Former Benedictine Monk Reflects Upon Rod Dreher’s “The Benedict Option”

Posted at Heart and Mouth:

[The following is a guest post by David Bancz, a Welshman and former Benedictine monk. The post, while quite self-explanatory, is primarily a reflection on Rod Dreher’s book The Benedict Option, but is also a beautiful contrast to the series of posts by Paul Liberati earlier this year, “Reformed Seminarian Converts to Roman Catholicism”. Lord willing, Paul will have his own forthcoming reflections on this wonderful example of God’s grace on behalf of His Children.]

What should repentance look like? In particular, what should repentance from a system of false belief look like? I ask because for roughly 20 years I was not only an enthusiastic Roman Catholic, but one who was convinced that he had a vocation in the Church. In 2006 I joined a Benedictine monastery in the UK and progressed through the various levels of formation and vows. Purely by the gracious action of God, I was liberated from the cloister in 2014 and was consequently freed from the Roman sacrame…

A platform for porn and a dialogue with the devil

By Jordan Standridge - Posted at The Cripplegate:

A few years ago my wife and I were invited to what was being called “The Great Porn Debate.” A Christian man who was anti-porn was going around the country with a famous porn actor and they were debating the question: Is porn harmful or helpful? They were debating this on college campuses, but the meeting we were invited to was in a church—a large church in San Diego where thousands of Christians would be exposed to a man who was going to try to convince the crowd that porn can be good for you and your marriage.

Needless to say, we declined — a decision for which I was subject to ridicule. I was called a Pharisee, and also I was mocked for being “afraid” to hear inappropriate language.

It did make me wonder, though: Should Christians allow debates like these to occur in our churches? Should we expose our congregations to worldly thinking and allow people to come in and attempt to convince our loved ones that the Bible is wrong, or that…

High court backs church in public benefits case

By Tom Strode - Posted at Baptist Press:

WASHINGTON (BP) -- The U.S. Supreme Court struck a blow Monday (June 26) for the freedom of churches to participate in government programs with secular purposes.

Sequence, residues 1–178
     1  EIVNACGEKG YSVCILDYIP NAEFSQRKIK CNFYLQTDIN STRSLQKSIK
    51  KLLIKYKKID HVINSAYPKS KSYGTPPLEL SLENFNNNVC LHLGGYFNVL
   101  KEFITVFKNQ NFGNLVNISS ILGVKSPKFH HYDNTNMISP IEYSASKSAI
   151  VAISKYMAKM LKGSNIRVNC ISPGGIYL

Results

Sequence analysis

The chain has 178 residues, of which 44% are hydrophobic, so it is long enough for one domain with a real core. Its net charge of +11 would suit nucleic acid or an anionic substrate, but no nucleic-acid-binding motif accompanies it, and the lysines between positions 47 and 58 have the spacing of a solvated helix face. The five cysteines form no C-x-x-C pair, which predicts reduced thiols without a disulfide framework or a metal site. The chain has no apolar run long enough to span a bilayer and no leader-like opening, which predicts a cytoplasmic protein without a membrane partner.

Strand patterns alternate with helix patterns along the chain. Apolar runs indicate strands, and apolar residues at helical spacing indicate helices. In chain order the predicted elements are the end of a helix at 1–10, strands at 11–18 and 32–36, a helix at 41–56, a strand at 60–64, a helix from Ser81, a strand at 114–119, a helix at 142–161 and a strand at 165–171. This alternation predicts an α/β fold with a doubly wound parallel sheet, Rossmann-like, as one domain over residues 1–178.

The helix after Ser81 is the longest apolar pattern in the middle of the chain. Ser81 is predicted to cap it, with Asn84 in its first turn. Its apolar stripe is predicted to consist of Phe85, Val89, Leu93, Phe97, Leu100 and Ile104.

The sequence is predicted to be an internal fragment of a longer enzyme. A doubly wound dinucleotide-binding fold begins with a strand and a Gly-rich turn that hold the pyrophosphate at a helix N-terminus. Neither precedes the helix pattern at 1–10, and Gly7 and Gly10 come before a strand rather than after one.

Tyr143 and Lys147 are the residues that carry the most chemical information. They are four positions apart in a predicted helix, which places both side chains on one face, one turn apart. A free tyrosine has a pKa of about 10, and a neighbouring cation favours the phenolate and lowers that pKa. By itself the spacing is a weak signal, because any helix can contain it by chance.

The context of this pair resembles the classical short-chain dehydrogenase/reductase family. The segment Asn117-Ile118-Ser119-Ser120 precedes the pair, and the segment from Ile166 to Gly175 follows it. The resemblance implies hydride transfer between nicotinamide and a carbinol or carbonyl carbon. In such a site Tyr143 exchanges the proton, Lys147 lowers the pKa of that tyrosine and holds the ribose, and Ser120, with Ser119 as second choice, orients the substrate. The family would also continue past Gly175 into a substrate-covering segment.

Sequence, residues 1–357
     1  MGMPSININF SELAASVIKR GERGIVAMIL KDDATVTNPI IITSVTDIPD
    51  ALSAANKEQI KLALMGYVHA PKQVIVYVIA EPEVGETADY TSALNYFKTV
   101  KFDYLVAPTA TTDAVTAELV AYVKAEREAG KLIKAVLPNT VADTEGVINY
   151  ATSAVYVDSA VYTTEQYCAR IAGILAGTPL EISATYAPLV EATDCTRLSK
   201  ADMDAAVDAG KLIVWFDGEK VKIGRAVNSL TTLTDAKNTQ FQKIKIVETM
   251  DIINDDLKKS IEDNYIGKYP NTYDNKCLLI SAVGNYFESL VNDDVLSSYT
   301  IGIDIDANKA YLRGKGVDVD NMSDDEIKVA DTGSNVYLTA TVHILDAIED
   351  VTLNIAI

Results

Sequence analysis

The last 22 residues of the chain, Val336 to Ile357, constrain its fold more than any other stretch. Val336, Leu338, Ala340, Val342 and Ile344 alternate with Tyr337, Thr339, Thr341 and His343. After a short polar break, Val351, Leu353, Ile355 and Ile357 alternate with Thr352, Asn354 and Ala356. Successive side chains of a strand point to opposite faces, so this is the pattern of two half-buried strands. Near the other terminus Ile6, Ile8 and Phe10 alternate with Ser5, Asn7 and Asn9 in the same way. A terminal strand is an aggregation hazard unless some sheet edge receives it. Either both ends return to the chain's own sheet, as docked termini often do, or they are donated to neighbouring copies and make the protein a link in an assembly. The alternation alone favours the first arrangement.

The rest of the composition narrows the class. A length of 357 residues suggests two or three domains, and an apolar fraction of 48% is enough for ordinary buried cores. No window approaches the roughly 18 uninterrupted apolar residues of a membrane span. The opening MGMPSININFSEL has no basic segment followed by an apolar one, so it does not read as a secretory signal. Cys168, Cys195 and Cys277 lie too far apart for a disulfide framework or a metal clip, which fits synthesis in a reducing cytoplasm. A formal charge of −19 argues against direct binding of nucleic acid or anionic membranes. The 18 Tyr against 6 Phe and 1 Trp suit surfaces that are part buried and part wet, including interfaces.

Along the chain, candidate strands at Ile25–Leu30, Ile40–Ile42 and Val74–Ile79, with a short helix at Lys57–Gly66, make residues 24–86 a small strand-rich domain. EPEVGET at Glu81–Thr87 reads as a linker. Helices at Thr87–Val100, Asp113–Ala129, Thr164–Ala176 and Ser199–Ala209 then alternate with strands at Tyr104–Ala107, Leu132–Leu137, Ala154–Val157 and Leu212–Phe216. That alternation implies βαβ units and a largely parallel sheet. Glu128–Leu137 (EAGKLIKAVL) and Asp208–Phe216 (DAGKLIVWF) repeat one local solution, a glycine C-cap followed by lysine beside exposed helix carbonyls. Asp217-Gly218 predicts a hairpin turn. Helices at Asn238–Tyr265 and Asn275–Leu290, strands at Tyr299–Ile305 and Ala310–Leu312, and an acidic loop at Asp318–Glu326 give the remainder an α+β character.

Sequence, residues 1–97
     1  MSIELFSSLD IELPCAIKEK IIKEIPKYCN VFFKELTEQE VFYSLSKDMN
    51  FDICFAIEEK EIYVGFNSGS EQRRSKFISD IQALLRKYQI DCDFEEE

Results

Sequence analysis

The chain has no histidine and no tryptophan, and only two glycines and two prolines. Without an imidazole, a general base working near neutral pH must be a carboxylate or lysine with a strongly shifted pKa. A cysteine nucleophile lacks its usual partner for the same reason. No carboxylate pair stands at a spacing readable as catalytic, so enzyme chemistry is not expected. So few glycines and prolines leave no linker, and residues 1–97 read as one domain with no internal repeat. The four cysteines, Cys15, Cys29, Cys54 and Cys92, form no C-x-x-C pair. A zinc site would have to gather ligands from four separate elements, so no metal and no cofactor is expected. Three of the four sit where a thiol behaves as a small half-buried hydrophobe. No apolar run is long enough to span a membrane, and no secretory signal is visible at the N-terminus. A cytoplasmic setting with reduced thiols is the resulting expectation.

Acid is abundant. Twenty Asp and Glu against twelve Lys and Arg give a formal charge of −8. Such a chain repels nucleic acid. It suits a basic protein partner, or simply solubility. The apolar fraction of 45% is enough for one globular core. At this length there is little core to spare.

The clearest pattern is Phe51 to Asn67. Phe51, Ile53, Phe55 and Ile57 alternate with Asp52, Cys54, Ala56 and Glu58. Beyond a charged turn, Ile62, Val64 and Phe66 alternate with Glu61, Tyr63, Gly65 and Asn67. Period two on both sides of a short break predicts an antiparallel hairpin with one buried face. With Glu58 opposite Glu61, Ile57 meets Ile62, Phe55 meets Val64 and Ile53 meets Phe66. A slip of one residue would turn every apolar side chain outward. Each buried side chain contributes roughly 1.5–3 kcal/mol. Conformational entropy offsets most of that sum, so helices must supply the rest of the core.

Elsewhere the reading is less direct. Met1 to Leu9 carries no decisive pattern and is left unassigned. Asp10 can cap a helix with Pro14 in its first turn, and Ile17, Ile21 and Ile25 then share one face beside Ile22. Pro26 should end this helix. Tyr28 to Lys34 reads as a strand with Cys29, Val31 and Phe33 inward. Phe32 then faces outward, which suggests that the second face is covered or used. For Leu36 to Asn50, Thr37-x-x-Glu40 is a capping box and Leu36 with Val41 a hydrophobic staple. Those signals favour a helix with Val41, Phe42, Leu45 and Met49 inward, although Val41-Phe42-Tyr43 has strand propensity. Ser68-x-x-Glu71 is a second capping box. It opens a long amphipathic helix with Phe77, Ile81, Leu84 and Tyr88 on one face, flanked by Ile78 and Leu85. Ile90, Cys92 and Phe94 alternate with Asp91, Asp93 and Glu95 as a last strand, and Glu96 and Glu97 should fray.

Seven of the high court's nine justices agreed the state of Missouri violated a church's right to exercise its faith freely by barring it from participating in a government-run, playground-resurfacing program. In its opinion, the court said excluding Trinity Lutheran Church of Columbia "from a public benefit for which it is otherwise qualified, solely because it is a church, is odious" to the U.S. Constitution

Religious freedom advocates applauded the ruling.
Read more here.

Spiritual Disciplines of the Christian Life: Public Worship

By Rev. Ryan Barnhill - Posted at Reformed Free Publishing Association:

"My purpose is not to elaborate on the principles and elements of worship; many fine articles, pamphlets, and sermons can be consulted for that. Rather, I will make only a few brief points that touch on worship as a spiritual discipline."
The final spiritual discipline of the Christian life we consider together is public, corporate worship. By public worship is meant the gathering of believers and their seed in church, on Sunday (or during the week for a special service), to meet with God and give him the honor due to his name. This worship is the meeting of God with his people in covenant fellowship, the purpose of which is to give glory to God for who he is and what he has done in Jesus Christ.

Sadly, the public worship of God in the church world has become largely optional. Attendance at worship services has dropped off. The elderly who come to church scan the auditorium with grief as they note the absen…

Matthew Thornton: His Epitaph was “An Honest Man”

Posted at This Day in Presbyterian History:

He was the fifty-fifth delegate to sign the Declaration of Independence, even though he signed the historic document three months after July 4, 1776. He was a Presbyterian, and a faithful member of the Presbyterian Church of Londonderry, New Hampshire. He was in local, state, and Federal governments, serving his fellow citizens. But beyond all these kudos, it was said that he was “consistent and zealous Christian.” He was Matthew Thornton.

Born in Ireland of Scottish ancestry, from the northern Ireland Protestant section of that country, Matthew Thornton was brought to this country by his parents at the age of three. Settling in what later on became Maine, God’s providence preserved them from hostile Indian attacks. Once, his parents and Matthew had to flee a burning cabin to save their lives. They all moved to Worcester, Massachusetts. Later they moved to Londonderry, New Hampshire in 1740, where Matthew would live for the next fou…